Yesterday was a recovery day. I slept in till 4:30, did an Insanity Max Recovery workout (50 minutes, countless push-ups), then played outside a lot between bouts of work.
Every good fitness routine entails one rest day and one recovery day every week. A rest day is supposed to mean no serious exercise. The recovery day means moderate exercise, the kind where you don't throw up. Shaun T, the Insanity instructor, interprets "moderate" somewhat liberally.
The word "recover" comes from the same unpronounceable French that gave us "recuperate." Meaning, restore. You get a sense that, before God rested on the seventh day, he did something restorative on Wednesday. Like, I don't know, inventing fruit.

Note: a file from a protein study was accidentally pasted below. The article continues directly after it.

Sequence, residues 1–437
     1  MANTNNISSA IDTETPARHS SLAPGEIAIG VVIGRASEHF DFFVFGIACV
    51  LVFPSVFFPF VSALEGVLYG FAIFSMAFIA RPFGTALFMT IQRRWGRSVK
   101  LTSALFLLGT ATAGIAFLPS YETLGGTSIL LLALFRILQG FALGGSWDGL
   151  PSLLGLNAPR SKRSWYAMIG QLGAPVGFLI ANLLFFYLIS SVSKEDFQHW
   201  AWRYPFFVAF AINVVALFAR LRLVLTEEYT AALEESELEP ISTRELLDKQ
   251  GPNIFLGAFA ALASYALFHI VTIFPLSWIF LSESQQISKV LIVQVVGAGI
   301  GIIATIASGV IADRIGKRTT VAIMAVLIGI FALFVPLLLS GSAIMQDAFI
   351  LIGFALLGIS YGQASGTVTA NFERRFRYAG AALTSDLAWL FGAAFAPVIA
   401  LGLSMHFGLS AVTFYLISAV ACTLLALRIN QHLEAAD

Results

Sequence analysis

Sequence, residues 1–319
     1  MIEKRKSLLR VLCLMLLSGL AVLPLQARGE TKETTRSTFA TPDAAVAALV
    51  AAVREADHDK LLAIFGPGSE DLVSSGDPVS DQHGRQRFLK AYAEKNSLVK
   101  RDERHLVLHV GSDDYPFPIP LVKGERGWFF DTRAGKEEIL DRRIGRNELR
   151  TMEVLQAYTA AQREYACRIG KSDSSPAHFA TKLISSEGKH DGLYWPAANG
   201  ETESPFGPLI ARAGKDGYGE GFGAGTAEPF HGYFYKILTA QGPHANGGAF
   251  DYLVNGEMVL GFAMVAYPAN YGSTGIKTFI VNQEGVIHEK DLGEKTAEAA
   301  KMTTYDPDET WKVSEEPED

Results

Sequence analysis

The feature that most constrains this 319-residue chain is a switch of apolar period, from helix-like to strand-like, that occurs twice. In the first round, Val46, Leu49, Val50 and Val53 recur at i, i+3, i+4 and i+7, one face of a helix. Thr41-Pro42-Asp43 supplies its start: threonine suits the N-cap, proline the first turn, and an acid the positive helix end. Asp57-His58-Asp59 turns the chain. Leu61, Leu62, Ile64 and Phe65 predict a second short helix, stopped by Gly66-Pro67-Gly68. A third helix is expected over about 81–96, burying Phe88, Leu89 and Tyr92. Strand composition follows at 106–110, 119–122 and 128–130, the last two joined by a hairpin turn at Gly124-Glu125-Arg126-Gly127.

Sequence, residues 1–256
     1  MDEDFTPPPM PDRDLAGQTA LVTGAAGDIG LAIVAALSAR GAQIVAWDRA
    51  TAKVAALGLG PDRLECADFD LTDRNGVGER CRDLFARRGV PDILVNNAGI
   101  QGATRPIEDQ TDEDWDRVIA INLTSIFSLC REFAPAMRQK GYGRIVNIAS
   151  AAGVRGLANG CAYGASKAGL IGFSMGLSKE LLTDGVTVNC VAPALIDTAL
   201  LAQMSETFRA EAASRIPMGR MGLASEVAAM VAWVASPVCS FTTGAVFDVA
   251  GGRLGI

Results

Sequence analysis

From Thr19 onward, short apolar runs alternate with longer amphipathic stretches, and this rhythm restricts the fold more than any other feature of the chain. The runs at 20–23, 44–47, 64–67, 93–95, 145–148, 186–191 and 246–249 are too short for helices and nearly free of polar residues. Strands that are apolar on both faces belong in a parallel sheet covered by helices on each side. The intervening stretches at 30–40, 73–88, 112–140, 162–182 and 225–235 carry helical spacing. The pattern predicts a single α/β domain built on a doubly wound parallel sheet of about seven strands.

In the experimental fitness group I've gathered, one participant is a cancer survivor and one is recovering from neck surgery. Neither one is resting, believe me. They're restoring. They're coming back.
Speaking of which, the person above is my son, George, taken when he was starting middle school in a strange city. He was miserable and had put on weight. (The cast is from the one time he went downhill skiing after moving back east.)
Now here's a picture of him taken a couple weeks ago, running Harvard Stadium.
As someone old enough to collect an impressive number of life mistakes myself (including yanking my family around the country), I believe that recovery is the key to success at just about anything, including training to run my age up Mt. Moosilauke.
Or maybe running my age is the recovery.